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Cartagena de Indias – take to the streets to understand this architecturally rich city

Walking the narrow streets of Cartagena de Indias early in the morning has to be one of the best ways to capture the charm and mysterious allure of this colonial city.

In colonial times, Cartagena de Indias was a strategic port for the Spanish for exporting gold, silver and emerald wealth to Cadiz and Seville in Andalucía. The port was constantly under threat from competitive European navies and sponsored pirates, explaining the robust protective city walls that remain today, and the fortress-like construction of the town, with tightly-packed merchants’ houses, with heavy studded doors.

Historic doors, knockers, street life, Cartagena de Indias, Colombia

Yet now these impressive entrances have softened with time; the years have lent the wood a rich, welcoming patina. I couldn’t help but start photographing the doors as I passed, each had its own style and colour, each guarding a hidden, mysterious interior.

Gabriel García Márquez, Colombia’s most celebrated author, called Cartagena home for a few years when he was a young journalist on a local paper. The city’s intoxicating streets left an indelible mark on his psyche, shaping and defining the flavour and atmosphere of his fictional locations in works including, ‘Of Love and Other Demons’ and ‘Love in the Time of Cholera’.

Step out into the cobbled streets in the early morning and one captures an essence of the romantic, sensual city that inspired García Márquez. Street vendors offer a warming cup of café con leche from colourful flasks packed together on a small wheel barrow; vendors cut and prepare a sweet tropical fruit treats, or offer piping hot fritters.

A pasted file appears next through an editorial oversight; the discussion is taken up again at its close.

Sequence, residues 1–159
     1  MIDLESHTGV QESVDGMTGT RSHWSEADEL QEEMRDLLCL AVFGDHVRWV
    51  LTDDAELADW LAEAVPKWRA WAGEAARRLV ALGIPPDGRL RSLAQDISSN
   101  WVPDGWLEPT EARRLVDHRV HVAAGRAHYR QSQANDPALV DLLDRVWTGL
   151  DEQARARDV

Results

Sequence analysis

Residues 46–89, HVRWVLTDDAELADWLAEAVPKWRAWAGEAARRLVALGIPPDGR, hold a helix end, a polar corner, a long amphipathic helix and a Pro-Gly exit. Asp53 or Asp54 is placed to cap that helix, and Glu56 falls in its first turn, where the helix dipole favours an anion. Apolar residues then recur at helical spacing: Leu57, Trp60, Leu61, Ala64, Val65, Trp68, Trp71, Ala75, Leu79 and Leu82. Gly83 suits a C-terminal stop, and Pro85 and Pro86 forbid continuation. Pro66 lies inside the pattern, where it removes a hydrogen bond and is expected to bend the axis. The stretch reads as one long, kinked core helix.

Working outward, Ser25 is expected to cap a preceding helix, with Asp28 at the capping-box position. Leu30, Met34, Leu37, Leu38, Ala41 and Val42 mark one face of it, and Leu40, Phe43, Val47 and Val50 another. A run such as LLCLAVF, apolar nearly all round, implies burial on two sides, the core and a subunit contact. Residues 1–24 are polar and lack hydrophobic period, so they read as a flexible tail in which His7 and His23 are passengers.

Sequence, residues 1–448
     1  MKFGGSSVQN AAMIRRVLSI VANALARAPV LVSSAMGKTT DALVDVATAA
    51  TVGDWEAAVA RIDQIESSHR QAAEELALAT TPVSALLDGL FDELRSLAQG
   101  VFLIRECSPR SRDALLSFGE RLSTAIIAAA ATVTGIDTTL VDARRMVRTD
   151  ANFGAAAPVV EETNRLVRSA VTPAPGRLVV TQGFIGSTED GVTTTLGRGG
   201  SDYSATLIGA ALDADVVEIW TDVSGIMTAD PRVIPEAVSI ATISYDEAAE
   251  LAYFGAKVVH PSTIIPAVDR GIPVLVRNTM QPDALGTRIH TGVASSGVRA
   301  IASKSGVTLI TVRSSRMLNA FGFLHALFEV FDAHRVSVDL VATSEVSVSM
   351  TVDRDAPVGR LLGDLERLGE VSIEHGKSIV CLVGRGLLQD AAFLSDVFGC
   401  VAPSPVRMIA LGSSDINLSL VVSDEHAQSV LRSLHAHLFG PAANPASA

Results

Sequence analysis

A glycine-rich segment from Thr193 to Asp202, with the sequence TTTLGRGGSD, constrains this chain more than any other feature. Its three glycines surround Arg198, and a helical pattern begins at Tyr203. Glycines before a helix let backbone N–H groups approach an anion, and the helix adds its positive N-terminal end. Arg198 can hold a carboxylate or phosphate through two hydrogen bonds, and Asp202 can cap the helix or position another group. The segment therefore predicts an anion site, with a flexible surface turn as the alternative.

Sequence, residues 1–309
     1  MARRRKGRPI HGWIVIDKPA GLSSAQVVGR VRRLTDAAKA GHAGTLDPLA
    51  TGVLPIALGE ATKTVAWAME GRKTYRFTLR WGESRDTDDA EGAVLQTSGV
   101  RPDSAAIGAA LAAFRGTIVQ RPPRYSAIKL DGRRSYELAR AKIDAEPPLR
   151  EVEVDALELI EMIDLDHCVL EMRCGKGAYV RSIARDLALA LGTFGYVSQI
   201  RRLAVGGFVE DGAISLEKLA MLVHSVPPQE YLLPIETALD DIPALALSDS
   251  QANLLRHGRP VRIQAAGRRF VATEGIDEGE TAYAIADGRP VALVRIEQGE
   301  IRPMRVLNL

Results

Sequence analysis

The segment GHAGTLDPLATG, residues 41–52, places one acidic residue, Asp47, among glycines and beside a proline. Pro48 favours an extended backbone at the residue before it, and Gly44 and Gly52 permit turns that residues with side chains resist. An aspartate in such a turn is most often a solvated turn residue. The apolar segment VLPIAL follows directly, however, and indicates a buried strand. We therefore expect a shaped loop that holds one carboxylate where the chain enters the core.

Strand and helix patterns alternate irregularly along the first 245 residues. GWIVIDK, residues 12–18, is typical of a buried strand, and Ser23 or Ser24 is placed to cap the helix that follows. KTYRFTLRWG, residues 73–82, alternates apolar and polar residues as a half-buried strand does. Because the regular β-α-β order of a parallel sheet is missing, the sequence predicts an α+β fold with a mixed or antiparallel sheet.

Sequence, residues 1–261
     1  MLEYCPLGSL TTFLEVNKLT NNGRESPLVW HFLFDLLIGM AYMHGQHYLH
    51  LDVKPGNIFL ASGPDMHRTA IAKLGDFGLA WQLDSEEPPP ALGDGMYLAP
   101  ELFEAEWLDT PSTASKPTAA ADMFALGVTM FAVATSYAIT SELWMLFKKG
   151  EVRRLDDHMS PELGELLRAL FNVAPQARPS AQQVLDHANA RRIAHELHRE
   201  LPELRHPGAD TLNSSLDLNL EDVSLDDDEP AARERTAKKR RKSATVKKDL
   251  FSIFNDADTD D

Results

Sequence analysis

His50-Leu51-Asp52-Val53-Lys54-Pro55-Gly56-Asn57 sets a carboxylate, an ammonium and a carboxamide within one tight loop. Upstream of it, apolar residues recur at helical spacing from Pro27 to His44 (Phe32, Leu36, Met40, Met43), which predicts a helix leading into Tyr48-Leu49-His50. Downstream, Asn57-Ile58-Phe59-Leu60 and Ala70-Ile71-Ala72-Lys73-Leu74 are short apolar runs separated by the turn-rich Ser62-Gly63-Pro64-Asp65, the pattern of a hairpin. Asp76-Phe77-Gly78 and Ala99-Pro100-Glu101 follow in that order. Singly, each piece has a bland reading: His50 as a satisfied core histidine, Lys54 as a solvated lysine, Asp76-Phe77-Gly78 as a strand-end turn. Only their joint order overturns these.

Cartagena de Indias with Andrew Forbes  (2)

Cartagena de Indias with Andrew Forbes  (4)

Dilapidated, vintage trucks compete for space on the narrow lanes with horse drawn carriages, whilst youngsters flirt under shaded archways on their way to the university. The city compels you to photograph it, almost to excess. At every turn there is something fascinating, beautiful or surprising, moments worth capturing.

Cartagena de Indias with Andrew Forbes  (3)

So many of these doors are decorated with antique knockers – expect to find exotic iguanas, elegant lions, mythical mermaids and or Caribbean fish. I learnt that these silent guardians were used to depict the trade or profession of the property owner. A lion indicated a teacher or a fish for a businessman.

Cartagena de Indias with Andrew Forbes  (1)

Historic doors, knockers, street life, Cartagena de Indias, Colombia

Now there historical details add to the seductive mix of Cartagena’s old town. It defensive architecture now eroded by flowering bougainvillea and geraniums that spill out from the terraces of pastel-painted buildings; baroque towers and elaborate arches surround squares where residents sit and play cards. It’s a magical place.

Cartagena de Indias with Andrew Forbes  (5)

Where to stay:

Casa San Agustin

Impeccably restored historic mansion; fusing luxurious, Caribbean style with centuries old charm. Choose a 1,600 sq. ft. duplex Prestige suite, with colonial details and sumptuous Frette linens, robes and slippers, as well as exclusive Ortigia bath amenities.

http://www.hotelcasasanagustin.com/

Hotel Santa Clara

Stunning resort housed in an ancient Franciscan convent within the walled old town. Stay in a superior suite with city views, and enjoy Hermes toiletries, butler service and a certain je ne sais quoi’ luxury experience.

http://www.sofitel-legend.com/cartagena/en/

Hotel Alfiz

Welcoming guest suites, furnished with antiques and art, arranged around a central garden patio. In house library has one of the city’s most extensive collections of Gabriel García Márquez novels in more than twenty languages.

http://www.alfizhotel.com/

 

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Andrew ForbesTravel and Lifestyle Marketing Communications Consultant | Travel Editor and Content Writer Web: www.AndrewForbes.com Twitter: @andrewaforbes Instagram: @andrewaforbes and @luxurynavigatorView all posts by Andrew Forbes »